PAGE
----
Well that was a very sharp title, considering I advocate CrossFit to just about anyone who is actually willing to listen and have a willing conversation with me. But really though, it isn’t for everyone and I acknowledge that completely. However, there are different reasons why training only CrossFit may not be for you.
You are a pure strength athlete:
Now when I say that, I mean that you are either a competitive weightlifter or powerlifter, and only those 2 things. It is actually pretty simple why CrossFit may not be for you in that case. The conditioning done won’t make you stronger, it may make you fitter, but those sports are about 1 thing, and 1 thing only: lifting as much weight as physically possible at once. Now yes, there are people like Lauren Fisher who is a fairly competitive weightlifter and CrossFitter, in fact she just competed at the Junior World Championships and will be competing at the CrossFit Games, but she is an anomaly who also has a long history of weightlifting. Her weightlifting benefits her CrossFit, but her CrossFit doesn’t benefit her weightlifting, there is a reason she doesn’t place better and lift more when competing, it’s because she spends too much time doing things other than weightlifting. Now for her, that’s fine, she wants to do both, but if she wanted to really excel at weightlifting, she would definitely have to cut out a lot of her CrossFit because the conditioning alone weakens you (note: I love Lauren Fisher and am a huge fan of hers, and think that her ability to be successful in both, especially at only age 20 is incredible). It is however possible to use some techniques from CrossFit to improve weightlifting, just not the conditioning. A lot of the gymnastics could greatly benefit weightlifters, especially any handstand work to develop strength and stability in the shoulders. On the Barbell Shrugged podcast, Mike Bledsoe mentioned that doing ring handstand –push-ups always increase his jerk by developing unilateral strength and stability at a full range of motion. There is also a reason you see people like Dmitry Klokov doing lots of gymnastics work, he is doing whatever he can to just get stronger.
You play another sport:
Now this one is a little tougher to argue because I do think it can be incredibly helpful. There are countless stories of strength coaches who have incorporated CrossFit Football into their programs and have seen both increases in strength and speed of their athletes. What I mean in this point though is that if you play another sport, whether it is football, basketball, lacrosse, soccer, or anything else, you have to spend time playing your sport. Playing that sport and practicing specific skills is the only way in which you can truly be better at your sport. Think about that for a second, if you don’t practice your sport, then how do you plan on excelling at your sport? However, for their strength and conditioning program, I do think it is fine to use some CrossFit protocols, but I wouldn’t do it all the time, especially for the in-season programming. In-season is when you need to maintain your strength and conditioning and while some gains can be made, it is also very taxing because you are spending so much time practicing as well and that can inhibit your recovery. In the off-season however, I think it is fine to use it for your programming, but also make sure you are keeping it relative to your sport. For example, a running back doesn’t need to be doing 20-minute workouts everyday in the off-season when the average play lasts 5 seconds. However that running back also needs to build and maintain the conditioning to be able to maintain explosiveness throughout an entire game, and depending on his particular strengths and weaknesses as an athlete is how you will do specific programming. However, that running back, and any other athlete, should be doing plenty of strength training (and I am also a large advocate of gymnastics (gymnastics in the way that CrossFit defines gymnastics, not necessarily doing high level gymnastics that professional gymnasts are doing) as a means of both developing strength and stability but also in the development of body awareness) in the off-season for that is when serious gains can be made.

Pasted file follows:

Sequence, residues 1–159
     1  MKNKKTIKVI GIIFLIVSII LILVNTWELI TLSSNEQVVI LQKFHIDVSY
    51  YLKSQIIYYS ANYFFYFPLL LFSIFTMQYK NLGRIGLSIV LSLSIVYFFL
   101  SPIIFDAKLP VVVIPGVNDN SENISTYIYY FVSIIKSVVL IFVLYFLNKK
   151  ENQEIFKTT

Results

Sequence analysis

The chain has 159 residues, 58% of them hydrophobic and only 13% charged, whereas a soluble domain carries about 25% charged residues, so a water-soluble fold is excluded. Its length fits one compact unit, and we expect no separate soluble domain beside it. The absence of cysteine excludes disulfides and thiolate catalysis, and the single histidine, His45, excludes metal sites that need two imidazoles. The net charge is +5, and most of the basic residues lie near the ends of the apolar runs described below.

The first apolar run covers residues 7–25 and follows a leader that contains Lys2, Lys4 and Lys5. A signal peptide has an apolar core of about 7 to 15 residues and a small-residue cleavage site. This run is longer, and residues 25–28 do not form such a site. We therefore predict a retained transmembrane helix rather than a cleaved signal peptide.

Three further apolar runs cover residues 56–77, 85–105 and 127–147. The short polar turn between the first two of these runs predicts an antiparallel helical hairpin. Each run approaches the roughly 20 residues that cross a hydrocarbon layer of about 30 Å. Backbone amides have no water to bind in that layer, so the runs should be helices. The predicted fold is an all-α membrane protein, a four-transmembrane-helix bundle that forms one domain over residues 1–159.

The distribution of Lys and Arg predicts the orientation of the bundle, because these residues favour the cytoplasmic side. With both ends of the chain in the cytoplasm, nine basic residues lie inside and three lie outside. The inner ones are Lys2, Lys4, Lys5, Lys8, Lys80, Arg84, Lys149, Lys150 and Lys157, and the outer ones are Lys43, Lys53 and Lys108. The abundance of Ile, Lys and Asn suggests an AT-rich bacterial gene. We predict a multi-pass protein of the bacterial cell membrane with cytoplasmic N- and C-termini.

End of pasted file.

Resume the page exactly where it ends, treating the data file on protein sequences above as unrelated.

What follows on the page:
Those are actually the 2 major groups that I feel should not be doing CrossFit for the majority of their training. In general, if you need a specific skill for whatever your goals are, you should spend enough time to become proficient in that skill, but you can use CrossFit as a strength and conditioning program to supplement their specific training.
If you feel that I have missed any groups or have any questions regarding this, feel free to leave comments. I want this to be a dialogue.